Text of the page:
The fashion world awoke to the sad news this morning that Pierre Bergé, the former lover and business partner of Yves Saint Laurent, had passed away at age 86.
Bergé met Saint Laurent in 1958, when the latter was in charge of Christian Dior. They began both a personal relationship and a professional one, with Bergé helping found and launch the house of Yves Saint Laurent in 1961. Though they split as a couple in the mid-1970s, the duo continued as business partners, with Berge acting as CEO of the couture house until 2002, when it closed.
The importance of the partnership between Bergé and Saint Laurent cannot be stressed enough. While Saint Laurent is lauded as one of the most creative and lasting couturiers of the 20th century, widely credited with rise of luxury ready-to-wear, his success was largely built on the business acumen of Bergé. It was the ideal merger of art and commerce—a perfect balance between a designer who pushed the envelope with clothing, and a CEO who knew how to navigate the fickle, ever-evolving apparel market.
But Berge had a life, interests, and accomplishments outside of YSL. He founded or co-founded three publications (Globe, Courrier International, and Têtu). He was a supporter of gay-rights, and helped the fight against AIDS through organizations such as Act Up-Paris, Sidaction, and in 1993 he became a UNESCO Goodwill Ambassador. He was also an avid patron of the arts. In addition to being a fine-art collector, he was a supporter of the opera, briefly holding tenure as president of the Opéra Bastille, as well as being the honorary president of the Paris National Opera.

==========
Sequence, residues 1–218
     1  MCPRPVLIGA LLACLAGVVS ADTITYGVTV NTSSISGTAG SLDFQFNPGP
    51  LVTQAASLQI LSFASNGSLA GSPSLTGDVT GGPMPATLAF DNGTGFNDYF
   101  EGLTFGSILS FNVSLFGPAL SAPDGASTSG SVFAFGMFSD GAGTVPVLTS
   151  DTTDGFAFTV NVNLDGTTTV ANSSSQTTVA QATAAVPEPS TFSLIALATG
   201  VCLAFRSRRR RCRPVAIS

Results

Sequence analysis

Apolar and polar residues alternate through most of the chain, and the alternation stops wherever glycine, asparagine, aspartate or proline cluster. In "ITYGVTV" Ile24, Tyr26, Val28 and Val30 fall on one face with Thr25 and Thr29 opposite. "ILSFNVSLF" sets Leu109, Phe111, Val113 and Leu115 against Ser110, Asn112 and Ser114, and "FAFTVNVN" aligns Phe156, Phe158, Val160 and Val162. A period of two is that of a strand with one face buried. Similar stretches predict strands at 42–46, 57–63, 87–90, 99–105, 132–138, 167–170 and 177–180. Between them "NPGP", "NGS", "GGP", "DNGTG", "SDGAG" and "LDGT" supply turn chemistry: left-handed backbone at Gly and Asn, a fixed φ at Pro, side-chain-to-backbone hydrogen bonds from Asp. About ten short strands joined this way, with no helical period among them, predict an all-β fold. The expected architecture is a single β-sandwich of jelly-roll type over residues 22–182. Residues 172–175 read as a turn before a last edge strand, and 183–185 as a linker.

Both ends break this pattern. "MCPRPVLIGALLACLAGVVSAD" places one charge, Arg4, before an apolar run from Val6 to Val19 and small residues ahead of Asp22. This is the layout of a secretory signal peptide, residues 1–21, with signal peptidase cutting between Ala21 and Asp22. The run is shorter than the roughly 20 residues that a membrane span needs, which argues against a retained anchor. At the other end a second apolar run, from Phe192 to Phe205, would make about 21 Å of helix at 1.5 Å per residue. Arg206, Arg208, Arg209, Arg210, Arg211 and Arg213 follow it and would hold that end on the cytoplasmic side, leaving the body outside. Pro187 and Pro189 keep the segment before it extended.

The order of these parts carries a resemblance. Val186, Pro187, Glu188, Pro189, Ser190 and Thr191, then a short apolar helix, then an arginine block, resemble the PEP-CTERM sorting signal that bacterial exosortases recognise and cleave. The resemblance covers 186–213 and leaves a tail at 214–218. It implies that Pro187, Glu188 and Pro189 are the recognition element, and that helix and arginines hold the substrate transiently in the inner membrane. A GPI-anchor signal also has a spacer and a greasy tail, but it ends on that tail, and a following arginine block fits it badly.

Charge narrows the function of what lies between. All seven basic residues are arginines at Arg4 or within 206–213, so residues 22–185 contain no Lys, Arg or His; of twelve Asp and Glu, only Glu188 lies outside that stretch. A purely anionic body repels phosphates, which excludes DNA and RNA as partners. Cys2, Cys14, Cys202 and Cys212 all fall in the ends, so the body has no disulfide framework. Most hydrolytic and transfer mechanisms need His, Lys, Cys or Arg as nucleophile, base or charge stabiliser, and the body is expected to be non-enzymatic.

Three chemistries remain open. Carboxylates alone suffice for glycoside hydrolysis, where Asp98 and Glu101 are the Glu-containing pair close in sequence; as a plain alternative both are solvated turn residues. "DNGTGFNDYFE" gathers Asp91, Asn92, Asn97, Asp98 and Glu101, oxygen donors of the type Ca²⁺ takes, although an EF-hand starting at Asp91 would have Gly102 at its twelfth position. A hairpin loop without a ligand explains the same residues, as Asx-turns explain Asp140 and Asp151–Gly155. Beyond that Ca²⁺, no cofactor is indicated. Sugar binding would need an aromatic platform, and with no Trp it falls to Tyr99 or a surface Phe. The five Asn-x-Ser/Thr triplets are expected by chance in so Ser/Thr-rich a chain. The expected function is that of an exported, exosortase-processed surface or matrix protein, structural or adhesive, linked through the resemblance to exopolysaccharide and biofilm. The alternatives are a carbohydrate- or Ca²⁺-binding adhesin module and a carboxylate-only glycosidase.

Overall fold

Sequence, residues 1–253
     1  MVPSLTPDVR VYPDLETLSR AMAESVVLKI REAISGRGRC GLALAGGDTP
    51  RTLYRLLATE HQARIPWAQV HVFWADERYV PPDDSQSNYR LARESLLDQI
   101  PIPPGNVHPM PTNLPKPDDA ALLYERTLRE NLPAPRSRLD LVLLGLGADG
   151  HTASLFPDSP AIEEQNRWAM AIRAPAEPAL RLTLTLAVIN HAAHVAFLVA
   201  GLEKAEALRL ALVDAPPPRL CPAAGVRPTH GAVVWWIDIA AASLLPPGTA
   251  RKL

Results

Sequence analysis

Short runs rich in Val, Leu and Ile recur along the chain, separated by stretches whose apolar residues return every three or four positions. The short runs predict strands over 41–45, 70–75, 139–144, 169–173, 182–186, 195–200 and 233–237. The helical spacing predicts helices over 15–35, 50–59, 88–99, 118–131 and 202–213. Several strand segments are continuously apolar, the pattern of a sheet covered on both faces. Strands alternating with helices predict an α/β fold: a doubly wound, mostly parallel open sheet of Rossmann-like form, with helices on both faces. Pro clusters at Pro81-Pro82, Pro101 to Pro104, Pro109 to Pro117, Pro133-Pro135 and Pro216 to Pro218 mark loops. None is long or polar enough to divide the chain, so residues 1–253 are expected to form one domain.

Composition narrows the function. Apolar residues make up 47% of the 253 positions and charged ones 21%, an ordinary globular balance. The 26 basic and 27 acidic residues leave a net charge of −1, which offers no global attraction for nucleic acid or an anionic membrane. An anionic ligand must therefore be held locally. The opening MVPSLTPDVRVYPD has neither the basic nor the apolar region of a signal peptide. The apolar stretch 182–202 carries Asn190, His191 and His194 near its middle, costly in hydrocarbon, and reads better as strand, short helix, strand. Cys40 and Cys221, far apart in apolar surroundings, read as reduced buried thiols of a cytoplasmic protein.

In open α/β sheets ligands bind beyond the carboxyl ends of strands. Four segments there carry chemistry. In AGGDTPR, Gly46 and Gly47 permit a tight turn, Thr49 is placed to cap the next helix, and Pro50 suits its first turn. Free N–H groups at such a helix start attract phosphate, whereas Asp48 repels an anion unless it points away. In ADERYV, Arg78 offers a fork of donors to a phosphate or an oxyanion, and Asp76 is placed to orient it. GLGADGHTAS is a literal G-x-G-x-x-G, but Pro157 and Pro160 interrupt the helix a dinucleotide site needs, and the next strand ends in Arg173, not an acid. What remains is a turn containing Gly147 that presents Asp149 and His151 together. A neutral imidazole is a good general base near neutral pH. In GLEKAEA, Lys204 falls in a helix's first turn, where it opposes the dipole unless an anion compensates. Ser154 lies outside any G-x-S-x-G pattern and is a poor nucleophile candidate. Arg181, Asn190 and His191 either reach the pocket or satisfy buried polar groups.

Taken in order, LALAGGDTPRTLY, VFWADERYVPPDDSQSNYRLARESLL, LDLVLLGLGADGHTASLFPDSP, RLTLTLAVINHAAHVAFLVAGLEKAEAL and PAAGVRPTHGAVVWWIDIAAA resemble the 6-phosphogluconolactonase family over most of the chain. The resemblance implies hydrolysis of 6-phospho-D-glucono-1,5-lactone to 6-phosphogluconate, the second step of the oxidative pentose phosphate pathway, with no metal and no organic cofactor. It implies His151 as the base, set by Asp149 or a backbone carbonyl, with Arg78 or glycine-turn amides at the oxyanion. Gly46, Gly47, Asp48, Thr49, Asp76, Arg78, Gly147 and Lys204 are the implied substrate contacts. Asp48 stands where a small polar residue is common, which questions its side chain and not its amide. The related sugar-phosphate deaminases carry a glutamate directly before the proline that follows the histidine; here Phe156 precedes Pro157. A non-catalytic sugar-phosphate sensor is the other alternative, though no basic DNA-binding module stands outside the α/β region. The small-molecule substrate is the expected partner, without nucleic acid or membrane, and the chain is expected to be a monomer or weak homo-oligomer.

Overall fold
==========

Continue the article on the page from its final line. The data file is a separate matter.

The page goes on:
Of course the house of Saint Laurent will be his most lasting legacy, not only because of his love and loyalty for the business he helped build, but also his influence on it. This morning, upon learning of Bergé’s passing, current artistic director Anthony Vaccarello released this statement:
“It is with a deep emotion that I have learned of Pierre Bergé’s passing, he welcomed me with kindness since my first day at Saint Laurent. His advice and his support have always guided me. I am infinitely sad that he will not be able to attend the opening of the two museums in Paris and Marrakech that he cared about so much. A great figure in French culture has left us.”
Bergé is survived by his husband, Madison Cox, whom he married earlier this year.END
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createdAt:Fri, 08 Sep 2017 15:17:09 +0000